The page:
Business today relies on three key elements – people, process and content. To stay agile, relevant and to exist inside a framework of rules and acceptable practices people are compelled to create content and process. The capture, distribution and consumption of content across both physical and digital forms are requirements to stay in business.
All businesses, regardless of size, location or market require and use content-documents, publications, and other information-throughout the day. As volume and complexity of content increases, so does the need to manage and classify that information. Enterprise Content Management solutions must support five key stages of the life of content: Creation and Capture, Collaboration and Review, Integration and Optimization, and Experience and Consumption. These categories site on top of Records Retention and Archiving to meet electronic discovery and preservation requirements.
Organizations extend core components – document management, records management, document-centric workflow, content archiving, imaging and application integration – through ECM extensions to support enhanced collaboration and digital content management, reporting and analytics, ERP solutions, portal integration, and rich application layering.
The point of content is to empower end-users, allow for business agility, and of course control costs and risks.
Managing information is becoming more complex. Corporations are just beginning to get interested in the concept of “information governance.” It is a term used to describe “the collection of decision rights, processes, standards, policies and technologies required to manage, maintain and exploit information as an enterprise resource.” Businesses that rely on information and innovation, technology development, patents, regulated products, and creative arts must protect this core information as assets. Organizations exploring an information governance strategy are seeking to guide how managers make decisions about content stewardship. Organizational technology and business objectives are aligned and articulated to employees, key players, decision makers and external stakeholders.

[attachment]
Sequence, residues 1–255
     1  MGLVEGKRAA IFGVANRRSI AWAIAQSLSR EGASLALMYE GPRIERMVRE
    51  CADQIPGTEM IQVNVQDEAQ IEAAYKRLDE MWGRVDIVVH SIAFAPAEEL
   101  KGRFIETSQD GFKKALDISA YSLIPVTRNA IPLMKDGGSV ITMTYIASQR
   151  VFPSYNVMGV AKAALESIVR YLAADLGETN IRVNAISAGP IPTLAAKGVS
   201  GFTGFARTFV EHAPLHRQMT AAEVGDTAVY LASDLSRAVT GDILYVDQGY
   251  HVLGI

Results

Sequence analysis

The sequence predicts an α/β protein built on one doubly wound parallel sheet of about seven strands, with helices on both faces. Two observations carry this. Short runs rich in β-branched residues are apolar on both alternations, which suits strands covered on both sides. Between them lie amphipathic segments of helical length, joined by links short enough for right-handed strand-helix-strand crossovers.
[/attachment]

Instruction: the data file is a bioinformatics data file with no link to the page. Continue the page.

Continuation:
eDiscovery is a component of an information governance program. Content-centric best practices help meet compliance and risk mitigation mandates imposed by law, regulators, or internal quality standards. Enterprise Content Management systems are getting better at incorporating ediscovery as a content-centric process to govern preservation and discovery collection, while balancing the needs of consumers and creators of that content. Preparing for ediscovery may have the added benefit of valuing content – preparing internal inventories of electronic content, understanding the sources of content creation and consumption, deploying systems to capture business records, etc. These activities may help streamline content flow, and offer opportunity to evaluate information for bottom line compliance, including ediscovery obligations.
To begin an information governance program corporations must ask themselves:
-Where to start?
-How do we articulate and execute a strategy for our own enterprise content?
-What are our fundamentals?
-How can we address the fundamentals?
-How do we balance regulatory compliance pressures against productivity?
-What are the right change management and technology improvements needed here?
-What are the demonstrable, tangible savings?
eDiscovery is a significant component of an information governance program simply because this process generates so much content that must be managed. The challenges surrounding enterprise content management are ever abundant – ever increasing volumes of information, fractured systems, intellectual property, merger and acquisitions – all these result in disconnected IT systems and generate business records that may have value for a period of time. Further most IT and business systems are ill equipped with effective search capability to identify content for compliance or ediscovery which makes managing content that much more challenging.